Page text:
Dr. Domitilla (Domi) Olivieri is an anthropologist, activist, researcher, and teacher in the field of gender studies, media and society. I am active in academic, artistic, and other political spaces and have been involved for many years in feminist, queer, anti-racist, anti-capitalist militant activism. I work as assistant professor at the department of Media and Culture Studies at Utrecht University. My research and didactics are in the field of feminist, queer, postcolonial and decolonial theory, documentary film, visual anthropology, media, and cultural studies. Committed to bridging the distance between academic and non-academic communities, I collaborate with festivals, community projects, NGOs, arts and activist groups. Example conversations with artistic practices include publication such as: “On Resisting Paradise” in the exhibition catalogue Barbara Hammer: Evidentiary Bodies, and “Shattered images and desiring matter. A dialogue between Hito Steyerl and Domitilla Olivieri” in Carnal Aesthetics: Transgressive Imagery and Feminist Politics.

Nisrine Chaer is an activist-academic who lives in Lebanon and the Netherlands. His research interests lie at the intersection of queer anthropology, migration, transgender studies, Middle East and cultural studies. He graduated from the Gender & Ethnicity Master’s at Utrecht University where he wrote his thesis on queer activism in Beirut. In 2017, he co-founded Sehaq Queer Refugees Group, a refugee-led grassroots leftist organization in Amsterdam that works on creating safer spaces for queer & trans refugees, centering Middle Eastern & North African experiences and politics. Currently, he is working on a PhD project at Utrecht University about geographies of home with a focus on MENA queer & trans migration in the Netherlands and in Lebanon.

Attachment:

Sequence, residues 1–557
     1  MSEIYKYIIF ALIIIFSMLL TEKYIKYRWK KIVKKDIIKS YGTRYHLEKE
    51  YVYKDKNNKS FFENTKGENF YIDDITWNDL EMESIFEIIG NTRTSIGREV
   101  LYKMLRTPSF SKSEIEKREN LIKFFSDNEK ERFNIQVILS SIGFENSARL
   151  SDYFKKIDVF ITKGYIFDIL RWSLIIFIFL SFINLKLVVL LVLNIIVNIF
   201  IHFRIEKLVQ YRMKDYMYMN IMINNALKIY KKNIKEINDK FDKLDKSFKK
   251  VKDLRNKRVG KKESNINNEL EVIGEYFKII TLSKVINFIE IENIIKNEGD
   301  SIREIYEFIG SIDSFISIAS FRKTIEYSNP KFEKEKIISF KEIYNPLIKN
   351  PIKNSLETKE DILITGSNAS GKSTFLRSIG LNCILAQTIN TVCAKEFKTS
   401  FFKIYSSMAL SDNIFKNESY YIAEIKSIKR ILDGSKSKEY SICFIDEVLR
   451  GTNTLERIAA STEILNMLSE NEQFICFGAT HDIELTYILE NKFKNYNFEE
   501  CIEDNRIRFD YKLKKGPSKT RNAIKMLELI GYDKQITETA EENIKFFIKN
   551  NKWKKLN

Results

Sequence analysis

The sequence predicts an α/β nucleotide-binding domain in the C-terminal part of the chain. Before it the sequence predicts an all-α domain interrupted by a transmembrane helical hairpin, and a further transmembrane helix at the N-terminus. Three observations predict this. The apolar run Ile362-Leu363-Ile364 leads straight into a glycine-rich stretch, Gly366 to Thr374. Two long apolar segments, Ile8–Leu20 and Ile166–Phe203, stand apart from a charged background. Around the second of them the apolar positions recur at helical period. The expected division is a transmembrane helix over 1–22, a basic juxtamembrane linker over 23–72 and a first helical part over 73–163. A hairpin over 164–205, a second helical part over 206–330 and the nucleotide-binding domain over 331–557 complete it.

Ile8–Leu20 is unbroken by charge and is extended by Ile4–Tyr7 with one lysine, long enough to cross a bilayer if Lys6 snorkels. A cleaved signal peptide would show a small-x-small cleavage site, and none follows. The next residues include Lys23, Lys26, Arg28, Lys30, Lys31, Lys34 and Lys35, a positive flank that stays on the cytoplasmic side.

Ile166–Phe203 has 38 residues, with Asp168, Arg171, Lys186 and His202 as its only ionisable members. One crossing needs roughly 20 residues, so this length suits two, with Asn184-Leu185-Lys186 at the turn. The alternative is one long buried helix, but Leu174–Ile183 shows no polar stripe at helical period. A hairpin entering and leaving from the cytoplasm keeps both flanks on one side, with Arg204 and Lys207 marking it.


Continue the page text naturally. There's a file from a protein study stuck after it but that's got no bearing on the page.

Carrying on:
Dino Suhonic holds an MSc, Sociology. In his MA thesis, he focused on the question of homosexuality in the context of Islam in Europe and the framing of Dutch Muslim politicians based on their alleged attitudes towards homosexuality. Dino is the executive director of Maruf, queer Muslim organisation in the Netherlands, high school teacher and opinion maker. Dino is Bosnian, gay and Muslim. He frequently speaks and writes about queer Muslims, multiple discrimination and intersections of LGBTQI-phobia and islamophobia. He started the first empowerment program for queer Muslims in Netherlands. Maruf is the co-founder of the 'Global Queer Muslim Network', founder of European Queer Muslim Network and facilitates different queer Muslim platforms on national and international level. Dino Suhonic also appeared in several Dutch television programs and writes for newspapers like NRC, Volkskrant and De Correspondent.